Now St Botolph’s Church in Aldgate removes bust of John Cass following George Floyd killing in US
PUBLISHED: 17:50 18 June 2020 | UPDATED: 22:58 22 June 2020
A bust of the 17th century slave trader John Cass has been removed from St Botolph parish church at Aldgate in the wake of global protests following the killing of black activist George Floyd in America.
The removal carried out this-morning which was given the go-ahead by the Archdeacon of London after a vote at an emergency meeting of St Botolph’s parochial church council.
The church decision to distance itself from historic links to its benefactor’s involvement in the slave trade follows Sir John Cass secondary school in Stepney pledging to change its name and the Cass Foundation in the City removing a similar bust.
“We voted unanimously to seek permission to remove the bust,” St Botolph’s rector Laura Jørgensen said in a statement to the East London Advertiser. “Permission was given and the bust was removed this morning.
"We apologise for the years spent celebrating the legacy of a man without understanding the origin of his wealth gained through slavery and human exploitation"
“We apologise for the years spent celebrating the legacy of a man without understanding the origin of his wealth, gained through slavery and human exploitation.
“Removing the bust is an important step in acknowledging that history, but it’s not the end of our journey. We are a diverse congregation and promise to do all we can to eradicate racism, discrimination and inequality.”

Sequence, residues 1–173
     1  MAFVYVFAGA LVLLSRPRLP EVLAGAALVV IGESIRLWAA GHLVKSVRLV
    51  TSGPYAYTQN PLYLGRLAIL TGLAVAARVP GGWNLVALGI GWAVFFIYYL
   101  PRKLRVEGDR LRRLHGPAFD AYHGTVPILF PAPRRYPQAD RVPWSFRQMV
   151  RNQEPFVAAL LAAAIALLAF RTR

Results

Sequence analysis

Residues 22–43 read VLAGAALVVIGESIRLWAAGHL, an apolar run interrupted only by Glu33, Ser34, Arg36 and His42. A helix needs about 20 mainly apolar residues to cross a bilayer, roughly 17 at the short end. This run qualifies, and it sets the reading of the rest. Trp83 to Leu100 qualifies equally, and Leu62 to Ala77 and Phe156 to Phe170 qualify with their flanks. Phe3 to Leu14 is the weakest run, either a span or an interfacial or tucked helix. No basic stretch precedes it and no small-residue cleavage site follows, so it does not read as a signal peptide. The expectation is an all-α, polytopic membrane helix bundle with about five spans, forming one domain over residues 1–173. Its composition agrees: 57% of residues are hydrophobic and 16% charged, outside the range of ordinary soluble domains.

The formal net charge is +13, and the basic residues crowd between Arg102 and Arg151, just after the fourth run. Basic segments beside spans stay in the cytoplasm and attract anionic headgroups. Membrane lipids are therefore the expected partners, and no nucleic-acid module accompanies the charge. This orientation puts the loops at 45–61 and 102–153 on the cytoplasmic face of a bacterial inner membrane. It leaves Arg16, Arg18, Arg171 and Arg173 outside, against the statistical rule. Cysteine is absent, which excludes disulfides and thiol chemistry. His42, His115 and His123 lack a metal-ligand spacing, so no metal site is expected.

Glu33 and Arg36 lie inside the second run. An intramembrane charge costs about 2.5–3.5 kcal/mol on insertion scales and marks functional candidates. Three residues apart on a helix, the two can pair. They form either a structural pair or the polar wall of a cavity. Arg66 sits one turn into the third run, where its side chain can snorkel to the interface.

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John Cass was born near Aldgate in 1661 and served as a City alderman and sheriff before being elected an MP in 1712. He had set up a school in 1710 in Aldgate for 50 boys and 40 girls and rented buildings in St Botolph’s churchyard.
The name Cass appears on many institutions in the East End and the City. His foundation set up in 1748 gives grants to promote education in inner London including the secondary school in Stepney Way and a primary school in Aldgate both named after him.
The secondary school now wants to change its name and is looking for suitable proposals.
Two universities also adopted the name Cass for centres of learning with funding from the foundation.
The Metropolitan’s Cass School of Arts was embroiled in controversy three years ago when the Aldgate and Whitechapel campuses were occupied by students to stop them being closed down, drawing support from the mayor of Tower Hamlets.
The occupation protest stopped the arts school being transferred to the university’s main campus in Holloway. The school also changed its name after the mass protest.
City University’s business school in Clerkenwell adopted the name Cass in 2002 following a donation from the foundation to promote education for those from disadvantaged backgrounds. It has now begun a review of all its historic funding sources to find out if there are any other links with slavery.
The foundation commissioned an independent academic in February to look into links to the slave trade. It reaffirmed its “abhorrence of racism and discrimination” in an initial statement following George Floyd’s death and subsequent protests around the world.
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